Other standouts included the vintage-natured “How Come You Never Go There” and the swelling “Graveyard.” Throughout, Feist sang from every part of her mouth, twisting and tying her lyrics as though they were the flowers of a bouquet. Big rim shots paved the way for the bluesy guitar riff of “The Bad In Each Other.” Here, the entire band really clicked, matching Feist’s warbling vocals with powerful surges and dramatic pauses and explosive restarts.
Radiohead, 11 pm
A somewhat contentious rule had been put in place by festival organizers called the “radius clause.” It demanded that bands on the Coachella bill refrain from performing at any other venue within a rather large territory (including Los Angeles and San Diego, well over 100 miles away). The idea, of course, was to create exclusivity. Bands could be granted permission to play within the radius in between Coachella weekends and during the lead up to the festival, but this caveat was murky at best. And how could it possibly apply to a band as big and influential as Radiohead, whose home away from home is undoubtedly Los Angeles?
Perhaps Radiohead spent the week in-between weekends patching up their alleged differences. The band showed zero signs of infighting on stage, turning out a spirited set spanning OK Computer to The King Of Limbs. Thom Yorke was visibly giddy, wearing a broad smile and waving to many of the photogaphers in the pit. The band could have just as easily treated their set as old hat and put on a streamlined show that would appease the masses. Radiohead, however, was in the mood to captivate. Yorke and copilot Johnny Greenwood played musical chairs, swapping places and instruments until there was nothing left to play.
1. Bloom - Greenwood is pounding the shit out of a snare drum, trading notes with full-time percussionist Phil Selway. The many giant flat screens above the stage are streaming live close-up footage of the entire Radiohead cast as they play. It’s the coolest sports bar ever.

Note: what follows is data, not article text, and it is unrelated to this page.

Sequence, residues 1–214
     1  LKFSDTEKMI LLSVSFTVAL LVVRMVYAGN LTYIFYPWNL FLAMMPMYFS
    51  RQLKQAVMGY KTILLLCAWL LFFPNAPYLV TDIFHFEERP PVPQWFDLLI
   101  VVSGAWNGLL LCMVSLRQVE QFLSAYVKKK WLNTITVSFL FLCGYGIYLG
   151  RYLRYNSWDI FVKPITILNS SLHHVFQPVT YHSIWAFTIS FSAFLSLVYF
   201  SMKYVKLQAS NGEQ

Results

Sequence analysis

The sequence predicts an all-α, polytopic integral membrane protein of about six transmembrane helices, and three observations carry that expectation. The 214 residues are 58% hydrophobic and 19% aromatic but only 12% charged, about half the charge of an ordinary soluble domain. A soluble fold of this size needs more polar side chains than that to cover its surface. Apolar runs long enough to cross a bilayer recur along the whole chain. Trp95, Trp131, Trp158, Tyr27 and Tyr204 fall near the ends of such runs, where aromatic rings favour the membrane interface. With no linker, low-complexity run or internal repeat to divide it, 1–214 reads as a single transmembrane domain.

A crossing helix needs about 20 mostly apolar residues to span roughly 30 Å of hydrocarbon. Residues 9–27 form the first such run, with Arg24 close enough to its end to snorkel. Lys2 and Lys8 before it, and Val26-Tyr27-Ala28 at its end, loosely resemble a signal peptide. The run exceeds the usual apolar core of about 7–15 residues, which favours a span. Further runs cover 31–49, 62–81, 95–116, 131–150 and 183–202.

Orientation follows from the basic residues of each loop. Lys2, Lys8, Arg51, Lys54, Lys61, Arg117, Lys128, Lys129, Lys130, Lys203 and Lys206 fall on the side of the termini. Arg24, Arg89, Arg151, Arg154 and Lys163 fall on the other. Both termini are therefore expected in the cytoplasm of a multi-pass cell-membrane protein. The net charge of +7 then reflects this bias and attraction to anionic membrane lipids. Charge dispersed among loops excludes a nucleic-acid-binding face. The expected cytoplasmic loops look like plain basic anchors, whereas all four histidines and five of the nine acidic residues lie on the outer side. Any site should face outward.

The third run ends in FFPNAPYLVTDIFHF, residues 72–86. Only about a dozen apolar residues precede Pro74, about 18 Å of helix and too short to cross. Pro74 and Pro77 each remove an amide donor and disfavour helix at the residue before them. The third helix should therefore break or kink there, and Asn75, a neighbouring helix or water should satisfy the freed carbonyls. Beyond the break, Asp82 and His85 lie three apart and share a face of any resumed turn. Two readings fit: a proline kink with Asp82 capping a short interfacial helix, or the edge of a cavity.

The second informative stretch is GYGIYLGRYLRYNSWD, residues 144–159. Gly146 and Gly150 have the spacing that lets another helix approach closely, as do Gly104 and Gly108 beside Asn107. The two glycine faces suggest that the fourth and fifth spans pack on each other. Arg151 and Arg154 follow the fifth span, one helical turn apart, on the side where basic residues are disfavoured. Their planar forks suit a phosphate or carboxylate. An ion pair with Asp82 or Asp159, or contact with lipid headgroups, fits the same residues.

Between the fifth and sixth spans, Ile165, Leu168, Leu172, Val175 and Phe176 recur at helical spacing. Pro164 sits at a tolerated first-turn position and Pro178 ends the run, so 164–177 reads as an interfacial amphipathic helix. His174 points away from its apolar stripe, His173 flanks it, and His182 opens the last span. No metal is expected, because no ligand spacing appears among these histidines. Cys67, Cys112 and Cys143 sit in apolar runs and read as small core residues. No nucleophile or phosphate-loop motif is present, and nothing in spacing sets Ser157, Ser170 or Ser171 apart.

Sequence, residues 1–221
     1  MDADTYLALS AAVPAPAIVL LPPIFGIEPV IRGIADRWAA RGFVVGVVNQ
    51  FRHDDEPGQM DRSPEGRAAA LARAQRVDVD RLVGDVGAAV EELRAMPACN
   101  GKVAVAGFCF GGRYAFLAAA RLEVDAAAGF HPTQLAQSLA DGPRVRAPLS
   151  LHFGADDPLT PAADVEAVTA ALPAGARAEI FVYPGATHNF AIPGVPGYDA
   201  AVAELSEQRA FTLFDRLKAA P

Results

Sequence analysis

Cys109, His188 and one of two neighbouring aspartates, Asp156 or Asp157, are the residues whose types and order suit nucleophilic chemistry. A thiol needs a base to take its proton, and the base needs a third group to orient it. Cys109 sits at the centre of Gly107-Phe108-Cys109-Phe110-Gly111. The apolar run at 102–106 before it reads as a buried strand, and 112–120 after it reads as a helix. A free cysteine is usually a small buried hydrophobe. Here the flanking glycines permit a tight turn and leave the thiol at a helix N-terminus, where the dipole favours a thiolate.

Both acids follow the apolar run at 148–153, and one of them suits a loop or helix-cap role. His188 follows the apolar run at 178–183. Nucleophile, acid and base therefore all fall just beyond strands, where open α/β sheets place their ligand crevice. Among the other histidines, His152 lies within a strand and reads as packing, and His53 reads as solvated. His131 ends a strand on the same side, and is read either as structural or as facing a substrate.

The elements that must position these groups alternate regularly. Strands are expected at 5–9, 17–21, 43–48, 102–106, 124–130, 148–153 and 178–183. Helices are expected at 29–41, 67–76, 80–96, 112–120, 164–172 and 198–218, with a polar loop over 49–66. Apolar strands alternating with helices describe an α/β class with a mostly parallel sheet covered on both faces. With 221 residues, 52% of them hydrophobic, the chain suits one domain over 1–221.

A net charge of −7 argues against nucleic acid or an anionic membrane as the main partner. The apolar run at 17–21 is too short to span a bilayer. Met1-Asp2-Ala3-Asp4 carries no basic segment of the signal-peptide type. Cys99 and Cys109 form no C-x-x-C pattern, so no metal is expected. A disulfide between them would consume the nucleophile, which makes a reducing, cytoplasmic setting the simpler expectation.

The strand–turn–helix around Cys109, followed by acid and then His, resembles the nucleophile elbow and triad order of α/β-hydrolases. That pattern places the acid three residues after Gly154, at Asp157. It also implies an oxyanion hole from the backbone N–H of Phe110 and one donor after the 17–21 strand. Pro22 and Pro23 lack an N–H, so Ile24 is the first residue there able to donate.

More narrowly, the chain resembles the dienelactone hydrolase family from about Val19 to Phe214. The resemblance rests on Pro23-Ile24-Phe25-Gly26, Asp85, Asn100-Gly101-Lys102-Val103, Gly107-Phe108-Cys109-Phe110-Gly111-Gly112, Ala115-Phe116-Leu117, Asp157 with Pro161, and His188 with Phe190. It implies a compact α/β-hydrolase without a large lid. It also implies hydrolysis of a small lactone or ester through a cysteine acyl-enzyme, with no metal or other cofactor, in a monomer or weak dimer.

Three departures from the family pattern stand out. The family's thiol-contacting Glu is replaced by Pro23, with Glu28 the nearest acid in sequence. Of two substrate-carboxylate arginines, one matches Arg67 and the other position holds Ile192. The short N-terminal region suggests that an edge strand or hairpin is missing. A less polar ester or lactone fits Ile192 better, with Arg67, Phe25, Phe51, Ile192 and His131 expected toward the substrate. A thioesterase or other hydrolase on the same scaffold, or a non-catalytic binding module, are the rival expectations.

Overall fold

2. 15 Step - Yorke is flaying around to this, the danciest number on In Rainbows. The crowd seems shocked, as if Radiohead doesn’t have the capacity for bounce. They’re wrong.
3. Morning Mr. Magpie - This song always reminds me of a dire hospital situation. The repetitive guitar pacing feels like a heart monitor and the hasty drumming says things are urgent. Greenwood is tweaking the song’s template ever so slightly, adding more reverb than usual.
4. Staircase - A song that always felt like Thom Yorke with a laptop took on a whole new meaning live. Everyone is participating, especially Greenwood, with his dreamy guitar work and perfect timing.
5. The Gloaming - A beautiful mess of effects and pitch distortion, a welcome respite from a fairly poppy opening.
6. Weird Fishes/Arpeggi - Straightforward and a little boring, but more the song’s fault than the band’s. As pretty as this track is, it doesn’t play well in a live setting.
7. Pyramid Song - Perhaps the best of the set, a seamless, stretched-out version that ebbed and flowed like a mighty ocean.
8. You And Whose Army - The group next to me jumped out of sheer terror when the drums finally kicked. But just as the song eases in, it fades out, allowing the crowd to recover.
9. Nude - A classic example of Radiohead’s powerful narrative technique. Timeless thanks to a true intro, middle, and end, with character development in the form of shifty percussion, a flowering chorus, and ever-growing string samples.
10. Kid A - Unclean, in a good way. The majority of the set has been strong but very polished thus far. The glitchy nature of the track inspires a bit of improv from the band.
11. Lotus Flower - Though he didn’t quite do this, Yorke danced hard.
12. There There - Incredible, with just about every band member finding something to drum on. For whatever reason, the lyrics seem extra extraordinary, like I’m hearing them for the first time.
13. Karma Police - A crowd favorite, but Radiohead seems to power through it, as if to say, “Yes, great song, but that was 1997.”
14. Feral - A harrowing song made more so by guitarist Ed O’ Brien’s hat (which appears to have been taken straight form the set of A Clockwork Orange) and Yorke’s ghostly vocalizations.
15. Ideoteque - Ending with a bang and having scared some of the crowd off with “Feral,” Radiohead dial in on a song that has huge appeal because a little bit of everything.
First Encores: House Of Cards, Reckoner, Bodysnatchers Second Encores: Give Up The Ghost, Exit Music (For A Film), Paranoid Android
After Radiohead wraps up, a drunk girl is whining about the set. “Fuck you, Radiohead,” she says, “You didn’t even play ‘Creep.’”
“Fuck you,” I mutter. “They know better.”
Stay tuned for Day Three (Wild Flag, Snoop Dogg, etc.).